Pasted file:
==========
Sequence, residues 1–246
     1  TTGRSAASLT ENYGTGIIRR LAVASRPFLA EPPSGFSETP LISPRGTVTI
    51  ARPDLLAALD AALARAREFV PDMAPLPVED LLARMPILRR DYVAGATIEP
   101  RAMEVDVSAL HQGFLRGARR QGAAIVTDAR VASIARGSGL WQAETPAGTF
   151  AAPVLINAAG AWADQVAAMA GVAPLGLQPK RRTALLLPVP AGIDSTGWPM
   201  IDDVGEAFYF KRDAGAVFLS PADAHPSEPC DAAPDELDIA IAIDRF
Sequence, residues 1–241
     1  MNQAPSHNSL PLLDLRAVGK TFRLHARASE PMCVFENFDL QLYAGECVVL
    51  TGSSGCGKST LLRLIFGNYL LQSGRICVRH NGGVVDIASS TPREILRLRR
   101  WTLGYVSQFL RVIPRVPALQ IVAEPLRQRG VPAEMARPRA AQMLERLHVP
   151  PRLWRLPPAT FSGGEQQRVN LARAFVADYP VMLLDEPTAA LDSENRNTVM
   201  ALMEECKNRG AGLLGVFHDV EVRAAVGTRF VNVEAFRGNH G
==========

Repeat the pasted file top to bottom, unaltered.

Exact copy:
Sequence, residues 1–246
     1  TTGRSAASLT ENYGTGIIRR LAVASRPFLA EPPSGFSETP LISPRGTVTI
    51  ARPDLLAALD AALARAREFV PDMAPLPVED LLARMPILRR DYVAGATIEP
   101  RAMEVDVSAL HQGFLRGARR QGAAIVTDAR VASIARGSGL WQAETPAGTF
   151  AAPVLINAAG AWADQVAAMA GVAPLGLQPK RRTALLLPVP AGIDSTGWPM
   201  IDDVGEAFYF KRDAGAVFLS PADAHPSEPC DAAPDELDIA IAIDRF
Sequence, residues 1–241
     1  MNQAPSHNSL PLLDLRAVGK TFRLHARASE PMCVFENFDL QLYAGECVVL
    51  TGSSGCGKST LLRLIFGNYL LQSGRICVRH NGGVVDIASS TPREILRLRR
   101  WTLGYVSQFL RVIPRVPALQ IVAEPLRQRG VPAEMARPRA AQMLERLHVP
   151  PRLWRLPPAT FSGGEQQRVN LARAFVADYP VMLLDEPTAA LDSENRNTVM
   201  ALMEECKNRG AGLLGVFHDV EVRAAVGTRF VNVEAFRGNH G